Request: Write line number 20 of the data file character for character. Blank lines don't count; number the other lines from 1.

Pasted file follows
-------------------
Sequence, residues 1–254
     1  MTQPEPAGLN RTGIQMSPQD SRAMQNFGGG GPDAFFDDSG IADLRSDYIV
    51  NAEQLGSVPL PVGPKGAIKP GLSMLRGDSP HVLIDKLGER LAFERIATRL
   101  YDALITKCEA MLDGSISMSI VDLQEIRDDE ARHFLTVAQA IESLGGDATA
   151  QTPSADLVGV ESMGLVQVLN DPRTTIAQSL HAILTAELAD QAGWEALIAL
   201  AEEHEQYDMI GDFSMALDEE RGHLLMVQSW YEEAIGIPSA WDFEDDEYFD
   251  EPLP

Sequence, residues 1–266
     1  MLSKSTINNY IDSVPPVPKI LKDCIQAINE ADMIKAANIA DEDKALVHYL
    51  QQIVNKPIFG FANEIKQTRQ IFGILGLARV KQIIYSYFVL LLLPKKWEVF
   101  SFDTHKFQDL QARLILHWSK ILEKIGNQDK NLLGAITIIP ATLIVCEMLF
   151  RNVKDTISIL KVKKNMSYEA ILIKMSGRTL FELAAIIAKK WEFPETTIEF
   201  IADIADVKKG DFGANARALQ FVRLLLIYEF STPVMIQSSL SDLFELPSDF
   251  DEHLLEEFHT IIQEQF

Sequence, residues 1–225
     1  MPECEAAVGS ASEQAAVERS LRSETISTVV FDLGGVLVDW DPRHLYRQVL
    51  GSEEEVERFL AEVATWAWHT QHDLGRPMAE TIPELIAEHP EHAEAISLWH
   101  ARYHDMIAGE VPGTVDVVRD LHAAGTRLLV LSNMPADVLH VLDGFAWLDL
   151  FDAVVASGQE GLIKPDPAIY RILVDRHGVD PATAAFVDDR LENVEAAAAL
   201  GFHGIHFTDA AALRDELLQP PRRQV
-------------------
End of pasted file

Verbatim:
   201  GFHGIHFTDA AALRDELLQP PRRQV